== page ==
Twenty two year old Bobby Clarke launched his
career into the superstar stratosphere in these 8 games in September of 1972.
Which may have been a surprise to some, as he was the last player to make the
The Philadelphia Flyer's infamous yet voracious
leader made the team loaded with center icemen thanks largely to a great gelling
with linemates Paul Henderson and Ron Ellis. Right from early on in the series,
this surprising trio emerged as Canada's best line. Clarke is quick to credit
the trio's status as borderline players as to whether or not they would make the
team as their biggest advantage, as they took the training and preparations more
seriously than many of the superstars who were all but guaranteed a spot on Team
Clarke earned the respect of many in the series
for his determined play, his near-flawless faceoff ability and his solid two-way
"There were guys on Team Canada who took
their game to new heights in that series. A perfect example would be Bobby
Clarke," stated Wayne Cashman.
Paul Henderson, who benefited greatly from
playing with Clarke, admired him greatly.
"Bobby Clarke turned out to be one of the
most dedicated hockey players that ever played the game. The best thing that
could have happened to Ronnie (linemate Ron Ellis) and me was to get this young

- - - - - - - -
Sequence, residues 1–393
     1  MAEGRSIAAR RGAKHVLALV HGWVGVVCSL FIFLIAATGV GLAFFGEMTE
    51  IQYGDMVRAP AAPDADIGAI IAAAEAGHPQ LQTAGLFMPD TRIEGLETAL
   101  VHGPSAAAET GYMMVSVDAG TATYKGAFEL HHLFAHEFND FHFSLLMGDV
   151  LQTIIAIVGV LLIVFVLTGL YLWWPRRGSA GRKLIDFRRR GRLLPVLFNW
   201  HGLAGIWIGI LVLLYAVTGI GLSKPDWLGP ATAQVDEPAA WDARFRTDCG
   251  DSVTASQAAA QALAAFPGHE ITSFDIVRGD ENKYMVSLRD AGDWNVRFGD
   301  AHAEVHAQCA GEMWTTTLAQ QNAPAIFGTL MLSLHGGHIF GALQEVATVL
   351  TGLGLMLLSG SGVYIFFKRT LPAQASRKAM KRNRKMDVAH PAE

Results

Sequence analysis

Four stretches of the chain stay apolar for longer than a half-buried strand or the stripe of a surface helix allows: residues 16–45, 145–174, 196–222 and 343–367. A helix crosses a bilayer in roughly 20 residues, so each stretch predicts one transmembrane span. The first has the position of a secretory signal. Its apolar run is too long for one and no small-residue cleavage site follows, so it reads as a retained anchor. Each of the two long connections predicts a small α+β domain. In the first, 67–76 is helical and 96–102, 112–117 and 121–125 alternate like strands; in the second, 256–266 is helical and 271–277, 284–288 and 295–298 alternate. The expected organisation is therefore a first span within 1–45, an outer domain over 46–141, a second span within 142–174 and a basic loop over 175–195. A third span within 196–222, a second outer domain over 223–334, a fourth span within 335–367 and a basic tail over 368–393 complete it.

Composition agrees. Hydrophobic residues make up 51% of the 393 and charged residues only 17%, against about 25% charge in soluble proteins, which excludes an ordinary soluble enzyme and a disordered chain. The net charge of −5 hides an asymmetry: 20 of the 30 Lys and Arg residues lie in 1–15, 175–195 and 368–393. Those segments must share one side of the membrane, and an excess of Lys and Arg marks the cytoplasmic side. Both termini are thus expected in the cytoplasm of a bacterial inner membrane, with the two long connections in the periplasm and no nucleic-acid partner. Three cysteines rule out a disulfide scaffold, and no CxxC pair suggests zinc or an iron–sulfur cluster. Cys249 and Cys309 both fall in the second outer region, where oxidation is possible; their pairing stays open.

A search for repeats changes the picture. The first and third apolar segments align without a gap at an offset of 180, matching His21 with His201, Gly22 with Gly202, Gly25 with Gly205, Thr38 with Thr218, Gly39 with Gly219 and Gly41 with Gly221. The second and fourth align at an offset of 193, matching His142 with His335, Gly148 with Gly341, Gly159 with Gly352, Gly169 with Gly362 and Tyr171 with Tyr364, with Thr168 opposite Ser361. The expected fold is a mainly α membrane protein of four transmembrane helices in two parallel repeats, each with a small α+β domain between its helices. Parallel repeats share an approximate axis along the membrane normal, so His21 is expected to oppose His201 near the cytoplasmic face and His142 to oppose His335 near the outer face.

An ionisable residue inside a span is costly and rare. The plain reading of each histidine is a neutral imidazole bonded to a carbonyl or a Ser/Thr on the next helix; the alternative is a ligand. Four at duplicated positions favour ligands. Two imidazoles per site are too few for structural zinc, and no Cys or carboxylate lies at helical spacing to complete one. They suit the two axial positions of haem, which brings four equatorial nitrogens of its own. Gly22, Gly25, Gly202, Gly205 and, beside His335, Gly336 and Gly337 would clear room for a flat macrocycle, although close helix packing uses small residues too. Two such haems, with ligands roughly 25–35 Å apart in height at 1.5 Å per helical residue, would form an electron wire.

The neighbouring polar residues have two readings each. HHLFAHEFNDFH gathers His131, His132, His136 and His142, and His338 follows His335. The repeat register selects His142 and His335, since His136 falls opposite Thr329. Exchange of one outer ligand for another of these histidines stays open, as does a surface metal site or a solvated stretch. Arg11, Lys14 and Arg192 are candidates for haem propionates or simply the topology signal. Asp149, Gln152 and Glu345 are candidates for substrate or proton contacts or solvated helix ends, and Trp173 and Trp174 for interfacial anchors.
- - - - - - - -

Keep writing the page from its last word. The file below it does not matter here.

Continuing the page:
kid making plays for us. He was terrific!" Henderson enthusiastically
The "Flin Flon Bomber" also earned the
despise of many as he is of course remembered for a vicious two
handed slash on Soviet superstar Valeri Kharlamov's sore ankle, which caused him
to miss the final game. Many have chastised Clarke for his dirty actions. It is
a bit of a trademark image for Clarke, who was known as a gritty but sometimes
dirty player who would do whatever it took for his team to win.
Clarke was once asked by famous hockey journalist
Dick Beddoes about the slash. Clarke, in typical fashion, downplayed the
"tap on his sore ankle" as a part of hockey. "If I hadn't learned
to to lay on a two-hander once in a while, I'd never have left Flin Flon."
"Team Canada '72 is right at the very top of
my hockey life. I always considered winning the Stanley Cup more important, but
certainly, they're close to being equal," Clarke stated in Brian
McFarlane's excellent book: Team Canada 1972 Where Are They Now?